View Full Version : Football Players' union wins court ruling against NFL

Cave Johnson
03-02-2011, 01:19 PM
Boom. This paves the way for both parties to settle.


The fight between NFL players and owners a battle of the haves and have-lots is entering troubling territory.

The sides have been squabbling since 2006 over how best to divide what has grown to $9 billion in annual revenues. But, with the collective bargaining agreement expiring after Thursday and the likelihood of a player lockout looming, the immediate future of the nation's most popular sports league is in doubt.

On Tuesday night, when the NFL and the union were concluding eight days of mediation in Washington, U.S. District Judge David Doty of Minnesota handed a victory to the players. He ruled that the league violated the CBA in negotiating a special provision in the television contracts that would ensure the owners would be paid $4 billion even if there was no season. The players argue the league didn't get maximum value out of those TV deals because of the built-in lockout insurance provision.

Doty, who overruled a special master's decision, ordered that a hearing be held to determine damages for the players. The union had asked that the TV money be placed in escrow until the end of any lockout.

Whereas the NFL downplayed the decision a spokesman saying the league is prepared for any contingency the other side categorized it as a very big deal.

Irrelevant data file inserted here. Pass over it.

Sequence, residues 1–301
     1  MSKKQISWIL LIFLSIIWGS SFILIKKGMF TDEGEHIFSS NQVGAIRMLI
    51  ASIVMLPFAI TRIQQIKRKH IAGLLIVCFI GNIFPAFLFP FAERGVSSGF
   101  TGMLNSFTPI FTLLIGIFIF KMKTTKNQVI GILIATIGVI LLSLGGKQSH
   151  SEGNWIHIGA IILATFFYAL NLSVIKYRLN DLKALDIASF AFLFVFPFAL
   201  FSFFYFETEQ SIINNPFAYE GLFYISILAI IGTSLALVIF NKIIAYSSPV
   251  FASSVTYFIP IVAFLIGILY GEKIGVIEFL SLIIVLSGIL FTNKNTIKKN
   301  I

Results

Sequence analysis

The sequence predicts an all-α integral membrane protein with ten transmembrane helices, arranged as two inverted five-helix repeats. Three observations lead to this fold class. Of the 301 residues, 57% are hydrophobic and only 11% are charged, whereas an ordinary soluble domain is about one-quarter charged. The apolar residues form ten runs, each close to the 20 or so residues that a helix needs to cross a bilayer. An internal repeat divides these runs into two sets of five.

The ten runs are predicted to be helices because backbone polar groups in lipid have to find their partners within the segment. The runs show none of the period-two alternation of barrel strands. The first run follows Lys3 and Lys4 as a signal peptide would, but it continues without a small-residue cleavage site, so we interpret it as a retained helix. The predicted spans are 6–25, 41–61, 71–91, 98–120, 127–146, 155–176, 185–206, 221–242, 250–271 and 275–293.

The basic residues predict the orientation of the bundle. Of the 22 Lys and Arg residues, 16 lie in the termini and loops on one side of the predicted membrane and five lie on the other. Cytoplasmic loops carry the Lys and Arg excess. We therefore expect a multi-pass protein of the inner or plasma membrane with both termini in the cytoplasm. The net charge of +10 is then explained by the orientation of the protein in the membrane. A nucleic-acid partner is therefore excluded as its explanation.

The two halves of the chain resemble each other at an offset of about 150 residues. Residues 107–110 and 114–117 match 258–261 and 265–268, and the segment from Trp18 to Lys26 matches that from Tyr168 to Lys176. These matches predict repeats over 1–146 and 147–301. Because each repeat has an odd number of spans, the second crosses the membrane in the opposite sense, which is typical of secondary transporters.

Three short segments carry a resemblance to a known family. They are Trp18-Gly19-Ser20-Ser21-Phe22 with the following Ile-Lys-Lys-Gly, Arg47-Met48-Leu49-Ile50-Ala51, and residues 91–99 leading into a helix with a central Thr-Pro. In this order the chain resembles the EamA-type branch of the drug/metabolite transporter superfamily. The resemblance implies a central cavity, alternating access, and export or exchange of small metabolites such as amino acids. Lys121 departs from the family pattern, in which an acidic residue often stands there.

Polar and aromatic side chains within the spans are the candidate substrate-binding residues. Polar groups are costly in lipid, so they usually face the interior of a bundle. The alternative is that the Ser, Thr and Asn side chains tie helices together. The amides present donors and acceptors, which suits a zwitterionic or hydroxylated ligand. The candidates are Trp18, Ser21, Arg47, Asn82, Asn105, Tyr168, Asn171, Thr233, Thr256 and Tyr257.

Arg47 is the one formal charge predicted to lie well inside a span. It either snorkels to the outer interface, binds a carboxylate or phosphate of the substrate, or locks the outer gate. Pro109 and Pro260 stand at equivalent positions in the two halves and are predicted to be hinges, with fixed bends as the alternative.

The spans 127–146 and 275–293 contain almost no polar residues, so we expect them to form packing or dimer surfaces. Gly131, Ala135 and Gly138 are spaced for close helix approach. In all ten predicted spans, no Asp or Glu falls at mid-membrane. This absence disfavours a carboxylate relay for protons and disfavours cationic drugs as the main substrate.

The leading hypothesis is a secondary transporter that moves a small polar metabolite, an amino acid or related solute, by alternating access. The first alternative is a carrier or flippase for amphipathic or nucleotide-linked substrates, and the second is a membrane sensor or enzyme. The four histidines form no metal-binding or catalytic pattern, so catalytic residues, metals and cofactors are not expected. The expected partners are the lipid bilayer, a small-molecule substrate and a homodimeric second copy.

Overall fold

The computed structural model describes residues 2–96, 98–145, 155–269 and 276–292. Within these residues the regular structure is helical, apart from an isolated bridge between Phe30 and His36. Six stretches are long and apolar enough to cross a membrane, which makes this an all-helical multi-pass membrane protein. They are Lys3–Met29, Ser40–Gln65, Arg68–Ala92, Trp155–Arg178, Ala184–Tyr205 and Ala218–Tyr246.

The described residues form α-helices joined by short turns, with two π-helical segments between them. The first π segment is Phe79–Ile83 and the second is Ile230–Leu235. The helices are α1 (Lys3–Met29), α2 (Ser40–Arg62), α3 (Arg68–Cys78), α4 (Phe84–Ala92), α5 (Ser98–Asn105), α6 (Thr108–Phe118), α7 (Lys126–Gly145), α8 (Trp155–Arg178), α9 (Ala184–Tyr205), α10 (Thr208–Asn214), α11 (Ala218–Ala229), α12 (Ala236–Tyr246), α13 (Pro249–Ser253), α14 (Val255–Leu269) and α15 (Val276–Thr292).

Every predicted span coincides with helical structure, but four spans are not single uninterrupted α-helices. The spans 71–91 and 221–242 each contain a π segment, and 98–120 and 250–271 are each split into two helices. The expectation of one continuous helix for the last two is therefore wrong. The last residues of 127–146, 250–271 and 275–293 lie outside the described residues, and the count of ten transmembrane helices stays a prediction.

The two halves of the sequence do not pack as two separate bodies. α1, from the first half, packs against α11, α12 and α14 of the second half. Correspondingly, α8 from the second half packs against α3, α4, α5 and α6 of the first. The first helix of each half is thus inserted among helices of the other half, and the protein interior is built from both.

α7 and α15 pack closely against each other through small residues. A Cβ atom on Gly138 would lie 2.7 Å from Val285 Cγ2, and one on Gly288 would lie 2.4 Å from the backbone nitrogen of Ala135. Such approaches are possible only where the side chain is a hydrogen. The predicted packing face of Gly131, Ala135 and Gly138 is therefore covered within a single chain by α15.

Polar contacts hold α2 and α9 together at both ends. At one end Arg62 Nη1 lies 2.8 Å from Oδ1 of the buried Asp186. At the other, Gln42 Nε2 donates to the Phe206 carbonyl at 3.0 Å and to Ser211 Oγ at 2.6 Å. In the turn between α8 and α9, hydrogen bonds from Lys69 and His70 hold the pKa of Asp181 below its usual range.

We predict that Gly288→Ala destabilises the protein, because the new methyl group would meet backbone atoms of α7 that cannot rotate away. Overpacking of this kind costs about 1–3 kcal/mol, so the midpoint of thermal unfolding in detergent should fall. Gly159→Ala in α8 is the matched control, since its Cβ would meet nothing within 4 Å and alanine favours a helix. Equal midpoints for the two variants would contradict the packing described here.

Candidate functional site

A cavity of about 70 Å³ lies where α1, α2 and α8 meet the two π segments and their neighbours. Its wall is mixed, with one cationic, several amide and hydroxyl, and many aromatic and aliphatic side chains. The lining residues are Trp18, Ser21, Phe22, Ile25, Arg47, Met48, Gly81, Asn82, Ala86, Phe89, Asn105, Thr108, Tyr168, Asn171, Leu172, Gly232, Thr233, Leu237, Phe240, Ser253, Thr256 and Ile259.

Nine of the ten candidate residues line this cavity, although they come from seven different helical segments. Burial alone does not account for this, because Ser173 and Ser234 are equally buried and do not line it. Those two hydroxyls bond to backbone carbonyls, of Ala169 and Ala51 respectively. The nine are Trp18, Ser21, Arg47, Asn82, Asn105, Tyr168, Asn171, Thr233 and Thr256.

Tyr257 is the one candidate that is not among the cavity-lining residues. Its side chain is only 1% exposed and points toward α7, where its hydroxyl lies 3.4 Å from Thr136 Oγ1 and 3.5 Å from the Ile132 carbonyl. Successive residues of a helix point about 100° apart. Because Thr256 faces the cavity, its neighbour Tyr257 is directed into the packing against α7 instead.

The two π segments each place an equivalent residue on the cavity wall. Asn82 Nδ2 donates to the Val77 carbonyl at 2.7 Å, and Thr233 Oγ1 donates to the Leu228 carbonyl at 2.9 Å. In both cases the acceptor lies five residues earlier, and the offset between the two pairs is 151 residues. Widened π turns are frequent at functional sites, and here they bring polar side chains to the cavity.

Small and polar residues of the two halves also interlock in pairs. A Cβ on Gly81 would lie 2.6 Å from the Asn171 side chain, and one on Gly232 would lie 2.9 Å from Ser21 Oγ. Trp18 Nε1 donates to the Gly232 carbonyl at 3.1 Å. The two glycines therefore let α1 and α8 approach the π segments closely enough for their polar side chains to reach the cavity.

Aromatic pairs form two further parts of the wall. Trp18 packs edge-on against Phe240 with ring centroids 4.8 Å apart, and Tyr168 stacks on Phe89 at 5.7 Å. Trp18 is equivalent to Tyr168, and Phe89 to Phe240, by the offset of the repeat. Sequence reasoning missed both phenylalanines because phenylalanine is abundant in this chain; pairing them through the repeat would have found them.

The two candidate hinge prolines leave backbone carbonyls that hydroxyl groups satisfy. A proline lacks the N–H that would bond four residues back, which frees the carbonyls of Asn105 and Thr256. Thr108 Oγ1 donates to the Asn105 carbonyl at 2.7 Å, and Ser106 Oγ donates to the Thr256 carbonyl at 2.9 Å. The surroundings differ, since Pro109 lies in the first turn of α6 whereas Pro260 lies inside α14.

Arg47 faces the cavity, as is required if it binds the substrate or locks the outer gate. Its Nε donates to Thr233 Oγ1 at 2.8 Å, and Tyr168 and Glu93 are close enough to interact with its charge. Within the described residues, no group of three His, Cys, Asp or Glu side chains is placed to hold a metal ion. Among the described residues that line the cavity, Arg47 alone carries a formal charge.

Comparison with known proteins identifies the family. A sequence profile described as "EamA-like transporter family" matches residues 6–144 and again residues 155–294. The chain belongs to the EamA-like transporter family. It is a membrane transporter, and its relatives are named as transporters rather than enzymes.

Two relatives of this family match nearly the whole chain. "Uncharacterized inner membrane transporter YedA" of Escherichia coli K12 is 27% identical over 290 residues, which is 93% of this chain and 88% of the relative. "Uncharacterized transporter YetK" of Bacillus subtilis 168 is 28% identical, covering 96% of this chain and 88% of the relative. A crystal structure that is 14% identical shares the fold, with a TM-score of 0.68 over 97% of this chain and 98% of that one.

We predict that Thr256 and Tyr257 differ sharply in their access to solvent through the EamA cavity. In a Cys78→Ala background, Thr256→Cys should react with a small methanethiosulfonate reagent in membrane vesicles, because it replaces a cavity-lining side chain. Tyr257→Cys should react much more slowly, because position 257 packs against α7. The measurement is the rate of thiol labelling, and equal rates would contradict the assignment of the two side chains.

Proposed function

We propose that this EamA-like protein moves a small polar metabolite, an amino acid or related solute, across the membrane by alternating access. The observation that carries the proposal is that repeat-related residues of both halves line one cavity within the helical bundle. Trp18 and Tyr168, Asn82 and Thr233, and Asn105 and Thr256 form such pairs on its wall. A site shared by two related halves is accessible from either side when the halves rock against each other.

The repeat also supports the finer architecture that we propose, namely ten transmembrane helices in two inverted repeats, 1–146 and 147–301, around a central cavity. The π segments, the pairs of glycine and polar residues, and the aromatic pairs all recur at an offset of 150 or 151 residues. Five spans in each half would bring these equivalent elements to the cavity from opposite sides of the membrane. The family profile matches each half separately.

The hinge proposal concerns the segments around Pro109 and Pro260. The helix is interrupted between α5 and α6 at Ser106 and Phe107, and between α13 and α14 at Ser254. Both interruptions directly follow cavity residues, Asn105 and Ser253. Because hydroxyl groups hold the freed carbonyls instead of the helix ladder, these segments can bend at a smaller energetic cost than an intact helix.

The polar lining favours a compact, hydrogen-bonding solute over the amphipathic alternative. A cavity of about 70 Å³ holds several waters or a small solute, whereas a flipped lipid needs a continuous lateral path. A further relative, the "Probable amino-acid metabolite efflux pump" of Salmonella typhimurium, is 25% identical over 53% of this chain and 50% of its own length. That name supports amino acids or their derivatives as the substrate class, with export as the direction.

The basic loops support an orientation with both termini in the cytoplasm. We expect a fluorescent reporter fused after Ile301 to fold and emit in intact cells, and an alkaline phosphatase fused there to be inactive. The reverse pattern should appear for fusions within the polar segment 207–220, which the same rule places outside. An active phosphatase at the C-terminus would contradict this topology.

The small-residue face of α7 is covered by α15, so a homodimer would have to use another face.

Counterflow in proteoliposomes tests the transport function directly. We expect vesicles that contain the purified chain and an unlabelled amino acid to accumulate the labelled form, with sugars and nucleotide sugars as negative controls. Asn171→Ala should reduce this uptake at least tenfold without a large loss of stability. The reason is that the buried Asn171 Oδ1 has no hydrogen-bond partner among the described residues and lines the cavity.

"We didn't file this lawsuit to try to get an advantage over the owners and the league," said Latham & Watkins attorney Tom Heiden, who, along with the NFL Players Assn.'s Jeffrey Kessler, served as lead counsels for the players. "We tried to restore the balance so both parties would be sitting there at the bargaining table even and level, and the league and the owners wouldn't be able to take advantage of this $4-billion war chest that they characterized as a weapon."

Those owners will convene Wednesday and Thursday at a hotel near Washington's Dulles Airport to make their next move, almost certainly locking out the players until a deal is done.

Meanwhile, the NFLPA is poised to preempt that by decertifying declaring itself something other than a union and thereby making the argument in federal court that locking out the players would be in violation of antitrust laws.

A crescendo is building between two dug-in adversaries who emerged from mediation with no deal in hand. The sides have prospered as part of a league that hasn't had an interruption in play since 1987. (The NBA, NHL and Major League Baseball have all languished through work stoppages since.)

"People don't want to hear about our squabbling, and it's criminal if we don't get a deal done," New England Patriots owner Robert Kraft said last month.

A look at the turbulent situation: [see the above link for the remainder of the article]

03-02-2011, 01:23 PM

03-02-2011, 01:27 PM

03-02-2011, 01:31 PM
P Kraft is right.

03-02-2011, 01:39 PM
P Kraft is right.

O h I agree.

Cave Johnson
03-02-2011, 01:41 PM
Lots of discussion about this in the other thread....

03-02-2011, 02:14 PM
Lots of discussion about this in the other thread....

Yeah, thanks for fucking up the Repost spelling.

We only needed TWO fucking letters. Just two. Is that too much to ask?


This is why we cant have nice things!

Sofa King
03-02-2011, 02:32 PM
S hit i missed the spelling.

03-02-2011, 02:33 PM
T wice in one week?

03-02-2011, 02:34 PM
T ebow is "winning."

03-02-2011, 02:40 PM
Millionaires versus billionaires.... Wake me when it's over